This island might be short on food variety, but they have rainbows every day…sometimes 2 at a time!

The first day we arrived, the property manager for the villa took us to the grocery store to stock up on supplies.  It was a tiny little store and it didn’t have everything we were used to seeing in our grocery stores in the US.  We also felt rushed because the property manager was waiting.  It was all a little overwhelming.  Not a problem.  We pulled together some canned goods, a bag of rice, and some cheese and crackers to get us through the next day or so.  Our “pantry meal” actually ended up being really good!  I used black beans, corn, diced tomatoes, jarred jalapenos, rice, and spices to make a really tasty beans and rice dish that lasted a couple of days.

On day three, we had a little more time on our hands, so we took a taxi back to the store and spent a little more time exploring.  We found the frozen meats and got a bag of shrimp and a couple of chicken breasts.  Then we realized that the fresh produce is all in the refrigerator at the side of the store – makes sense because the doors to the store are always open and bugs are everywhere.  Armed with this jerk shrimp recipe from Lawren Moneta, we went looking for everything else.  As mentioned, this was a tiny store where variety was limited, so once again we adapted.  Instead of cantaloupe, I just put some pineapple in the salsa.  We couldn’t find a scotch bonnet or habanero pepper, so I used the jarred jalapenos we previously bought.  Honey was extremely expensive and we couldn’t find limes, so the juice from the pineapple pulled double duty for sweetness and acidity.  We also didn’t have thyme or cilantro, so I just left it out.  The shrimp was still very good, and the sweetness from the salsa was a really nice compliment to the salty and spicy shrimp!  In fact, it was so good that I made it twice during our 9 days at the villa.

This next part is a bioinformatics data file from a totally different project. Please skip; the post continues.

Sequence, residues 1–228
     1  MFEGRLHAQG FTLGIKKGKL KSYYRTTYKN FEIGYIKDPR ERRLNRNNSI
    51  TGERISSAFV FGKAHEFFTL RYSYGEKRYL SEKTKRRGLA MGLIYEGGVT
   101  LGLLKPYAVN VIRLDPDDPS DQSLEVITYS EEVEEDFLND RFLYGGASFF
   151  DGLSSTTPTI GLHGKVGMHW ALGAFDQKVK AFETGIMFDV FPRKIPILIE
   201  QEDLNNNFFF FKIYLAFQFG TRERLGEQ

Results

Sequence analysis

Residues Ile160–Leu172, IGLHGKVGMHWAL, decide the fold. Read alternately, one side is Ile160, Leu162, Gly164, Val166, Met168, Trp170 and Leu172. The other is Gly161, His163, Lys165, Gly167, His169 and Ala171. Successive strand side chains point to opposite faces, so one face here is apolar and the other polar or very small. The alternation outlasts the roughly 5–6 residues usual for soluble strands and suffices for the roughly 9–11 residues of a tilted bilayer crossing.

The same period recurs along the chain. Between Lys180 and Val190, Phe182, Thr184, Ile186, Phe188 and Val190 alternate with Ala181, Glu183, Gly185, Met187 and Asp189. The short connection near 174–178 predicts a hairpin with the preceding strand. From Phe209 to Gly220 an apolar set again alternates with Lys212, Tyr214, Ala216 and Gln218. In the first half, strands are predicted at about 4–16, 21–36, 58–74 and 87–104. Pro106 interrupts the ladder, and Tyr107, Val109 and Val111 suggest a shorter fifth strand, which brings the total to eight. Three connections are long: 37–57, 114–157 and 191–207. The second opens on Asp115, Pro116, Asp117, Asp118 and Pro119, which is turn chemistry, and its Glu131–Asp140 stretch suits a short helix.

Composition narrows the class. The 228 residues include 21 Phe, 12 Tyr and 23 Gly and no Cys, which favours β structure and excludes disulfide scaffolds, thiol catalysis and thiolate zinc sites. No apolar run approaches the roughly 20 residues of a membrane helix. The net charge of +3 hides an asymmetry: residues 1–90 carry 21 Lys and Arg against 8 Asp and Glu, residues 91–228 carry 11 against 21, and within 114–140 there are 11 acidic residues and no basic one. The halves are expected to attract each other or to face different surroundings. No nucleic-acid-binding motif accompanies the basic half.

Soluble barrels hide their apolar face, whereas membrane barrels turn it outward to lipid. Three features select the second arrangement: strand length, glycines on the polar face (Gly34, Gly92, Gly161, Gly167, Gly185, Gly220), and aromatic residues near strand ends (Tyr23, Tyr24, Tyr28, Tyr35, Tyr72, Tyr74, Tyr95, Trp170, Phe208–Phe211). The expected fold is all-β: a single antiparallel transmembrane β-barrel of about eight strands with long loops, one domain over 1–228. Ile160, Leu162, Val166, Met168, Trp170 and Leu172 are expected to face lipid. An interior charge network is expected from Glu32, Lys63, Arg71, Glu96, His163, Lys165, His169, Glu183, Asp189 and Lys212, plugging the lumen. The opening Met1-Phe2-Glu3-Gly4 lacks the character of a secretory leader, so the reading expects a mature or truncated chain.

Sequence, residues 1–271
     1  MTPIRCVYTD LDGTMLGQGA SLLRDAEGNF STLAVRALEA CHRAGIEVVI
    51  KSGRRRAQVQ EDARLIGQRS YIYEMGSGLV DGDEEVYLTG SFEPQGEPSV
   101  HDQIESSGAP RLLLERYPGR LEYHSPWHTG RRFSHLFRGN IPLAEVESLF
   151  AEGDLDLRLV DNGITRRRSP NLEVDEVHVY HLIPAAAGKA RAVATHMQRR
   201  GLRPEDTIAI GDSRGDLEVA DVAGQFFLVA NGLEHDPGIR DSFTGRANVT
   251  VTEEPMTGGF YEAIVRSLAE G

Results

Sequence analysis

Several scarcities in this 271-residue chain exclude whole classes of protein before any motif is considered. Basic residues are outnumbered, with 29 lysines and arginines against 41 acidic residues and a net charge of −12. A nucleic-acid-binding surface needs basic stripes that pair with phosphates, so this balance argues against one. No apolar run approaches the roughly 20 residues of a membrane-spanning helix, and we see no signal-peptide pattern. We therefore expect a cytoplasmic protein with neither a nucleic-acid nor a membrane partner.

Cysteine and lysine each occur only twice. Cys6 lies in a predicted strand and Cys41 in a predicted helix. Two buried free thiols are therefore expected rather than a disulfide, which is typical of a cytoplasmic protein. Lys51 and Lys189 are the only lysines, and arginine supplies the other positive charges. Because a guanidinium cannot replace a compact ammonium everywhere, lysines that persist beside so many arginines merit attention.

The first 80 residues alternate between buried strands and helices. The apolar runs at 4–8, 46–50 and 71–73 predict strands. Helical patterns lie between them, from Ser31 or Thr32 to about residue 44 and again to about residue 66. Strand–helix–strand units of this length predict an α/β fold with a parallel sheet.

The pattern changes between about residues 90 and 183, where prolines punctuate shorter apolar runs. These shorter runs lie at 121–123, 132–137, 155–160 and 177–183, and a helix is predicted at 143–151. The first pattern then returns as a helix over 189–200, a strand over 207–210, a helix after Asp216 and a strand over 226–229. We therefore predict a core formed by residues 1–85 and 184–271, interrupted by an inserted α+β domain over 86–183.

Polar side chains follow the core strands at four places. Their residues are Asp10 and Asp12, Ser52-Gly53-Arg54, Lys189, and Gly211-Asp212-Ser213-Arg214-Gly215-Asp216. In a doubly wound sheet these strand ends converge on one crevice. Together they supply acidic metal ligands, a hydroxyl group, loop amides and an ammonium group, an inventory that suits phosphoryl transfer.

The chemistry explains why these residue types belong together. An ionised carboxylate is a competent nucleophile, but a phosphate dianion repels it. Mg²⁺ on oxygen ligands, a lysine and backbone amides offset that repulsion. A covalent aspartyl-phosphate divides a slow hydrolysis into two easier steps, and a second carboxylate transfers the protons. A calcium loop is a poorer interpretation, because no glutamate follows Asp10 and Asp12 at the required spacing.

The second time I made the jerk shrimp, we didn’t have a cucumber or kiwi, so I just made a pineapple & jalapeno salsa.

Another dish we really enjoyed was chicken curry.  Curries are very common in Caribbean cuisine, and the grocery store where we did our shopping was owned by an Indian couple, so we decided to buy a bag of Indian curry powder so I could attempt my own.  It was really easy and tasty!  Here’s what I did:



2 chicken breasts, cut into bite-sized pieces
1 medium onion, diced
2 cloves garlic, minced
2 Tbsp curry powder
1 can coconut milk
1 potato, diced small
1 box frozen spinach
1/2 cup chicken stock (I couldn’t find this, so I used a bouillon cube)

Saute onion a couple of minutes, add garlic and cook for a minute.  Add chicken, potato, curry powder, and chicken stock and cook, stirring frequently, until chicken is cooked through.  Add coconut milk and spinach and continue cooking, breaking spinach apart as it thaws.  Bring to boil, then reduce heat and simmer until potatoes are soft and spinach is thawed and integrated well.  Add salt and pepper to taste and, if desired, more curry powder.  Serve over rice or, as they often do in Montserrat, wrapped in a roti.